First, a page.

Teach Abroad

9 Insider Tips for Teaching English in China

If you're preparing to teach English in China, here's some must-know tips to set you up for success.

9 Insider Tips for Teaching English in China

China is a great place to embark on your teaching journey abroad. It's a vibrant country full of bustling cities and serene river towns, plus an enthusiasm for the English language, making it both a rewarding and popular place to teach abroad.

With a high demand for English teachers, you should have no problem finding a job -- but there are some tips and tricks you simply won't learn from Google searches. Which is why after teaching English in China for several years now, I want to share with you nine insider tips to help you make the most of your time teaching abroad in China.

1. Get TEFL certified

To work as a legal full-time teacher in China and attain a work visa and residence permit, you must have a university diploma and either a TEFL certificate or two years of professional teaching experience. While many teachers circumvent this law by teaching as a side job, you’ll need to go the legal route if you want a work visa and residence permit.

Many companies will also pay for your TEFL, which can potentially help save you money. However, if you arrive in China with a TEFL certificate already in hand, you'll find a much higher paying job. In a way, the “free TEFL” isn't really free, because you’re "paying" for it by receiving a lower salary. You may make more money in the long run getting your TEFL on your own before you go.

Looking to get TEFL certified? Explore TEFL Courses in China.

2. For the best jobs, use a recruiter

The two main types of teaching jobs in China are through ESL academies and public schools. It's much easier to get a job at an ESL academy, mainly because you can find these jobs online before you arrive in China.

If you're looking at working for a large company like Disney English or English First, you can easily find reviews online (right here at Go Overseas, in fact!) and get a good impression of your salary, benefits, and working conditions before you go.

However, public schools can be more of a hit or miss, and the best way to find a job teaching at a public school in China is to use a recruiter.

While there are a few great schools that advertise online, you won’t know what kind of school you’re applying to until after you arrive -- which may be too late. You don’t want to arrive in China only to find your school is in the middle of nowhere, or doesn’t have the facilities it promised you.

Save yourself the hassle and gamble by using a recruiter, or finding a job independently once you're already in China. Besides, the salary will be higher if you work with a recruiter.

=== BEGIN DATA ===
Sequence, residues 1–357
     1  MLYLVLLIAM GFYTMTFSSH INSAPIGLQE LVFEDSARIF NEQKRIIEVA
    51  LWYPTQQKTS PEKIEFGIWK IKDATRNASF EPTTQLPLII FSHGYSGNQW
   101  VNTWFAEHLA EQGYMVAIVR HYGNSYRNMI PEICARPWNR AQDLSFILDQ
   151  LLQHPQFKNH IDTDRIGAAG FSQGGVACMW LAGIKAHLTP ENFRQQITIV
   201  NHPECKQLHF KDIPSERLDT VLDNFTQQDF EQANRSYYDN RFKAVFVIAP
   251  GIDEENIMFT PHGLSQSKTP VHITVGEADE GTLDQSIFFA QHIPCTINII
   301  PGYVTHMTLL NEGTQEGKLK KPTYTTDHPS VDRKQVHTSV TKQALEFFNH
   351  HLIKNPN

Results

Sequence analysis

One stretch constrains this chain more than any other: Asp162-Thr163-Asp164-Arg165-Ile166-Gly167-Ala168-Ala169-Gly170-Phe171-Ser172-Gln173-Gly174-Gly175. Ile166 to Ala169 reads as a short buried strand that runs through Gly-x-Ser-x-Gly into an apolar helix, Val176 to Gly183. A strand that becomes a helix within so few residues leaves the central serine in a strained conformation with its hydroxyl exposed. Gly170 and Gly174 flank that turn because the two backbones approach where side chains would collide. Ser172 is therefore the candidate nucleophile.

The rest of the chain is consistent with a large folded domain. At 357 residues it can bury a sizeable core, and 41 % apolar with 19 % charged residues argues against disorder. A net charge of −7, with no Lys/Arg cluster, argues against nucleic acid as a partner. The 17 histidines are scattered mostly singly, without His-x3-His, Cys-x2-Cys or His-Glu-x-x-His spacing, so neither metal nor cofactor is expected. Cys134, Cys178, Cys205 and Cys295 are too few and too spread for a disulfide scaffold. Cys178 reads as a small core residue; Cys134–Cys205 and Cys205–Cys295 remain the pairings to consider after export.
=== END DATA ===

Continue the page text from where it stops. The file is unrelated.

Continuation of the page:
Explore some of these top-reviewed recruiters

3. Professional Teachers: Consider teaching at a private school

9 Insider Tips for Teaching English in China: Private School

Do you have a bit of experience or a teaching certification from home? You may be qualified to teach at a private or international school. Many of these schools have listings online, and you'll be able to apply for them from your home country.

Generally speaking, these schools also have higher salaries and good conditions for teachers, but they demand higher qualifications as a result.

4. Know the difference between ESL academy and public school jobs

At an ESL academy, you’ll be teaching many classes to small numbers of students. A typical schedule includes five classes a day, starting in the mid afternoon and ending well after dinnertime. ESL teachers also tend to work on the weekends, since this is when most students have time off.

At an ESL school, you may teach students anywhere from three years old to adults taking business English classes. You'll also be paid a bit more at these jobs than you would at a public school.

At a public school, a typical schedule is 7:30am-4:00pm. You’ll teach classes of 30 to 50 students, and each class should last around 40 minutes. You’ll typically be teaching an oral English class to a large portion of the school.

Many foreign public school English teachers teach upwards of 500 students. Some even teach as many as 1,000 students because they'll teach each class once every two weeks. You can expect to teach about 20 to 25 classes a week, while spending your spare time in the office lesson planning.

For the full low down on conditions and compensation, read our guide to salary expectations for teaching English in China.

5. You can still manage without speaking Chinese right away

Even though learning a new language will help you immensely with integrating and getting around while living anywhere abroad, it's easier said than done to completely learn a new language. In my experience, I've learned it is possible to survive in China your first few weeks without speaking Chinese.